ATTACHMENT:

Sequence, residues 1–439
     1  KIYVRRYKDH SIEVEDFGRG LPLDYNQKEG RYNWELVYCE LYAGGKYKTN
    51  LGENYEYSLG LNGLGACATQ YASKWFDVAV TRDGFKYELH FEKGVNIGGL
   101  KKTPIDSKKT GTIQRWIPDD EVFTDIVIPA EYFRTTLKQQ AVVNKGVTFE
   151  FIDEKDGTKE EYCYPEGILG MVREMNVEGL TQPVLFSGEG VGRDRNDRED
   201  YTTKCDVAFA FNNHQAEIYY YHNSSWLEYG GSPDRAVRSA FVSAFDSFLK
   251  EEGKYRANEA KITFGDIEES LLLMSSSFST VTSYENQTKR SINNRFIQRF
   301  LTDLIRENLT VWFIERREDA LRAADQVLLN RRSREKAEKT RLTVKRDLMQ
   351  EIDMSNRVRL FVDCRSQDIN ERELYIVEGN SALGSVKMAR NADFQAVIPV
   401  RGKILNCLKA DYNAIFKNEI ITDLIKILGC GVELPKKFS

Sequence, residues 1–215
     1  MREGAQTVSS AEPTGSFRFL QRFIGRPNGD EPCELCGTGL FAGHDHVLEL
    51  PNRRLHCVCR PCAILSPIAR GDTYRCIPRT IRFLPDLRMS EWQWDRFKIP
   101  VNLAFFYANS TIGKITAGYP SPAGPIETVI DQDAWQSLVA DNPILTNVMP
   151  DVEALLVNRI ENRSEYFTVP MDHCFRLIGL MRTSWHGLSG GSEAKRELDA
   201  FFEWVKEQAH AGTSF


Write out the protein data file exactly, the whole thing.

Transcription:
Sequence, residues 1–439
     1  KIYVRRYKDH SIEVEDFGRG LPLDYNQKEG RYNWELVYCE LYAGGKYKTN
    51  LGENYEYSLG LNGLGACATQ YASKWFDVAV TRDGFKYELH FEKGVNIGGL
   101  KKTPIDSKKT GTIQRWIPDD EVFTDIVIPA EYFRTTLKQQ AVVNKGVTFE
   151  FIDEKDGTKE EYCYPEGILG MVREMNVEGL TQPVLFSGEG VGRDRNDRED
   201  YTTKCDVAFA FNNHQAEIYY YHNSSWLEYG GSPDRAVRSA FVSAFDSFLK
   251  EEGKYRANEA KITFGDIEES LLLMSSSFST VTSYENQTKR SINNRFIQRF
   301  LTDLIRENLT VWFIERREDA LRAADQVLLN RRSREKAEKT RLTVKRDLMQ
   351  EIDMSNRVRL FVDCRSQDIN ERELYIVEGN SALGSVKMAR NADFQAVIPV
   401  RGKILNCLKA DYNAIFKNEI ITDLIKILGC GVELPKKFS

Sequence, residues 1–215
     1  MREGAQTVSS AEPTGSFRFL QRFIGRPNGD EPCELCGTGL FAGHDHVLEL
    51  PNRRLHCVCR PCAILSPIAR GDTYRCIPRT IRFLPDLRMS EWQWDRFKIP
   101  VNLAFFYANS TIGKITAGYP SPAGPIETVI DQDAWQSLVA DNPILTNVMP
   151  DVEALLVNRI ENRSEYFTVP MDHCFRLIGL MRTSWHGLSG GSEAKRELDA
   201  FFEWVKEQAH AGTSF